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What is Offshore engineering?

Offshore Engineering is the engineering discipline that deals with the design and construction of structures intended to work in a stationary position in the ocean environment.

Examples of floating offshore structures are:

  • Floating oil and gas production units, such as FPSO, semi-submersible platforms.
  • Floating drilling units such as drilling ships and semi-submersible drilling platforms.

Examples of bottom founded offshore structure are:

  • Jacket platforms
  • Gravity based platforms
  • Offshore wind turbines

Examples of subsea offshore structure are:

  • Pipelines
  • Subsea infrastructure for oil and gas production such as manifolds, wellheads, flowlines
  • Risers, umbilicals etc

Construction-offshore-platforms

There are hundreds of acronyms in offshore engineering literature and practice. Below is a list of the most frequently used acronyms. See also oil and gas acronyms and dredging acronyms.

AHTS Anchor Handling Tug Supply (vessel)
BFS Bottom Founded Structures
BLS Buoyant Leg Structures
BOE Barrels of Oil Equivalent
BOPD Barrels of Oil Per Day
BWPP Drilling Wellhead Processing Platform
DSS Drilling Semi-Sumersible
ERRV Emergency Response and Rescue Vessel
ERRV Emergency Rescue and Recovery Vessel
FOS Floating Offshore Structure
FPF Floading Production Facility
FPO Floating Production Operation
FPS Floating Production System
FPSO Floating Production Storage and Offloading
FRU Floating Regasification Unit
FSO Floating Storage and Offloadiong
FSRU Floating Storage and Regasification Vessel
GBS Gravity Base Structures
GoM Gulf of Mexico
HLCV Heavy-Lift Crane Vessel
LWIV Light Well Intervention
MODU Mobile Offshore Drilling Unit
MSV Multi-Service Vessel
NDE Non-Destructive Engineering
PLEM PipeLine End Manifold
PSV Platform Supply Vessel
SBM Single Buoy Mooring
SCR Steel Catenary
SPM Single Point Mooring
SRV Shuttle Regasifigation Vessel
SS Subsea System
SSCV Semi-Submersible Crane Vessel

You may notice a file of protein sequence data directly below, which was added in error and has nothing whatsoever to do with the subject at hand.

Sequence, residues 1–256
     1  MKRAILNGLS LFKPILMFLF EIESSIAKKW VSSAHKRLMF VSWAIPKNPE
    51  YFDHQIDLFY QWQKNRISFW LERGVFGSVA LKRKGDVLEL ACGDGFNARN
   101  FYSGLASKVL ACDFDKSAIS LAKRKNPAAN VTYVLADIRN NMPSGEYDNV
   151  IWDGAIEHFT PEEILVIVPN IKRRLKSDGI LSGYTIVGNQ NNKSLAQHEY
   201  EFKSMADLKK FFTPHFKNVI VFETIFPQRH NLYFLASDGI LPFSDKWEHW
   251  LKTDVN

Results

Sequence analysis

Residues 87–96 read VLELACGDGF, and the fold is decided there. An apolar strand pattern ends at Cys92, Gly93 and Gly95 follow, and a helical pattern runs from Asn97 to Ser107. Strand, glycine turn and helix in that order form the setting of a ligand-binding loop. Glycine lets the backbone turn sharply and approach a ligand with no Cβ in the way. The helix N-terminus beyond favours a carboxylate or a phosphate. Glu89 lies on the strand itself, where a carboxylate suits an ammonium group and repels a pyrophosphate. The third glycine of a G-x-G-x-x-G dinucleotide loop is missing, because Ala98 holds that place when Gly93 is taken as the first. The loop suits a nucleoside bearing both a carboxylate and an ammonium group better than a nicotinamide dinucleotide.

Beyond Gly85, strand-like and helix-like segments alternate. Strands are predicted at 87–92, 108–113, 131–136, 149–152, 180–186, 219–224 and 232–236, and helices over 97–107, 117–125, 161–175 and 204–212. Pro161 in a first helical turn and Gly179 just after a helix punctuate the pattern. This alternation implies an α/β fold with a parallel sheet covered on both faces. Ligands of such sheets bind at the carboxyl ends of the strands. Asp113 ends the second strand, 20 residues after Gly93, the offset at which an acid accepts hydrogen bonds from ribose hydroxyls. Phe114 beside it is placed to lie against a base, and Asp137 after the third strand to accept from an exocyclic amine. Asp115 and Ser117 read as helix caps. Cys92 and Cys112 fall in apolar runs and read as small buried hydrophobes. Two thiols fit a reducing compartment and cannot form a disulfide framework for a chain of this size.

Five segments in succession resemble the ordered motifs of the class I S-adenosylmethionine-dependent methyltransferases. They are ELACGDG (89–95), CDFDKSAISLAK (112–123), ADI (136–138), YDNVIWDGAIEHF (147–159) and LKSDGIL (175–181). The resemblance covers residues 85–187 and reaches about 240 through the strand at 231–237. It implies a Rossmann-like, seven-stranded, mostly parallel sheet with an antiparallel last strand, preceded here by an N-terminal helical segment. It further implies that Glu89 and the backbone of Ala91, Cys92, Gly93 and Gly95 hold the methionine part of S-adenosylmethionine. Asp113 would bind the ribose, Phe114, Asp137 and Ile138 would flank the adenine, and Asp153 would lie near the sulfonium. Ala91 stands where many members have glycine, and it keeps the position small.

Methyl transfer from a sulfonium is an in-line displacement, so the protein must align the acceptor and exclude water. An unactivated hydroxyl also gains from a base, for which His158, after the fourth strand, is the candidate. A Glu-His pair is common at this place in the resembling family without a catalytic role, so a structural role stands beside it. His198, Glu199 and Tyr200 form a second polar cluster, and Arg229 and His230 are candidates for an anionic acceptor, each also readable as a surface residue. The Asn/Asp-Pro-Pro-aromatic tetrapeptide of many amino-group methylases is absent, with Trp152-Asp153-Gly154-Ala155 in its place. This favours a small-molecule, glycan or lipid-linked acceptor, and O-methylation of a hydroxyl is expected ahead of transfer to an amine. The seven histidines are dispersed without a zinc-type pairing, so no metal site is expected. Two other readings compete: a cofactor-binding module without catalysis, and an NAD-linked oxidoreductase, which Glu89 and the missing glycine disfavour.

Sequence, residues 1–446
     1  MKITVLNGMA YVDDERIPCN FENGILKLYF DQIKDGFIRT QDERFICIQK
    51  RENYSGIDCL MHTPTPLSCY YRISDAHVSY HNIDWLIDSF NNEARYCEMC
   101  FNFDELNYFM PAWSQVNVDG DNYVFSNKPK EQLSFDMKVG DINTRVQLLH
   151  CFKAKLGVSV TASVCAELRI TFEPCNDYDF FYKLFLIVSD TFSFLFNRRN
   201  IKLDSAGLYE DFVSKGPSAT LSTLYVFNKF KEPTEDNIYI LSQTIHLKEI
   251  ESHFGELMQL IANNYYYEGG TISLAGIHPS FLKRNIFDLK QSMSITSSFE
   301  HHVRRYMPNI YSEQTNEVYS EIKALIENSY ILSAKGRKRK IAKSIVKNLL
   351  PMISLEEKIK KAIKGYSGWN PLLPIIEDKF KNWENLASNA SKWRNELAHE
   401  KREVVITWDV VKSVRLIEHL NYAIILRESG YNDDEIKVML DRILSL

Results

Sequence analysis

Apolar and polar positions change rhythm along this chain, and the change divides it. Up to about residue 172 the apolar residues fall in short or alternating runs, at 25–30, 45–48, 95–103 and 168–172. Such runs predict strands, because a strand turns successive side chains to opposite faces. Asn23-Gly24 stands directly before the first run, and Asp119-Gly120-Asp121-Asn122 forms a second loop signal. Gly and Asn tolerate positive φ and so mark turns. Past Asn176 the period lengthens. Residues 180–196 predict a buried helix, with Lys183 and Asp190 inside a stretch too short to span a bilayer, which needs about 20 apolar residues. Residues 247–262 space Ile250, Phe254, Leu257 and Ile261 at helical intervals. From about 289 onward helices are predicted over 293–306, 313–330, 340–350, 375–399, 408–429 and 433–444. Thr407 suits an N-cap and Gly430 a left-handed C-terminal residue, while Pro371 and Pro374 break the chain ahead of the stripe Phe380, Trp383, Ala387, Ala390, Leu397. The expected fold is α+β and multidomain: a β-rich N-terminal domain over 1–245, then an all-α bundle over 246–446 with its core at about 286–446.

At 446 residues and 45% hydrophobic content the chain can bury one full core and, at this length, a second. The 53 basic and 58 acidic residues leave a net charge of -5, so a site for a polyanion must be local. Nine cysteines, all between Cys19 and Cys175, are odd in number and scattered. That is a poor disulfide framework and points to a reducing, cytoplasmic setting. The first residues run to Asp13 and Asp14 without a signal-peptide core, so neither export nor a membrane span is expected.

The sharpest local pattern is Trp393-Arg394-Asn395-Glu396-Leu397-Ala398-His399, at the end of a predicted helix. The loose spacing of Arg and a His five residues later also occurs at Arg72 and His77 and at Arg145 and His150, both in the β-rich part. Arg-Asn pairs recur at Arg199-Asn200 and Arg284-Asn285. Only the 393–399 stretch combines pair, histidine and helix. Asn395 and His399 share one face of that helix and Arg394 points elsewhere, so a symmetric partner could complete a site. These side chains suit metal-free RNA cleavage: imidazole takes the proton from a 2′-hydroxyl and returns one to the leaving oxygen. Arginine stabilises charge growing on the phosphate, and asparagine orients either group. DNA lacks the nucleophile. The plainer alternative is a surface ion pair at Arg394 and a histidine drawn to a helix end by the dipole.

TBT Tethered Buoyant Towers
TLP Tension Leg Platform
TTR Top Tension Riser

1. Introduction to Dynamic Positioning

1.1. Dynamic Positioning Systems

For many offshore activities it is very important to keep a vessel at a fix position and heading. Dynamic Positioning (DP) systems automatically control the position and heading of a vessel by using thrusters that are constantly active and balance the environmental forces (wind, waves, current etc). Environmental forces tend to move the vessel off the desire position while the automatically controled thrust balances thoses forces and keeps the vessel in position.

DP system - Dynamic positioning system offshore

The main components of any DP system are the positioning system, the DP computer and the thrusters. The positioning system, usually a GPS, monitors the position of the vessel. When the vessel moves off the intended position the DP computer will calculate the required thrust which will then be applying by the thrusters in order to maintain the position of the vessel.

1.2. The use of DP systems

Dynamic positioning systems are typically used by offshore vessels for accurate maneuvering, for maintaining a fixed position or for track keeping (pipe/cable laying). We usually find DP systems on:

  • Offshore drilling vessels (Drilling ships and Semi-submersibles). A Drilling vessel will use DP to remain in a fix location while drilling in deep water.
  • Offshore support vessels: Platform supply vessels (PSVs), Well intervention vessels, Diving Support Vessels. Support vessel use DP to stay in a safe distance from offshore platforms and drilling rigs.
  • Pipe-laying and offshore construction vessels. Pipe-laying vessels use DP for position keeping and track keeping.
  • Dredging vessels. Suction Hopper dredgers, Rock-dumping vessels, Trenching vessels
  • Shuttle Tankers. Shuttle tankers during offloading of FPSOs.

The first DP system was set in use in 1961 ('Eureka'). Nowadays, there are over 1000 DP-capable vessels and DP is consider indispensable for deep-water operations.

DP shuttle tanker offloading an FPSO in tandem connection

Read More1. Introduction

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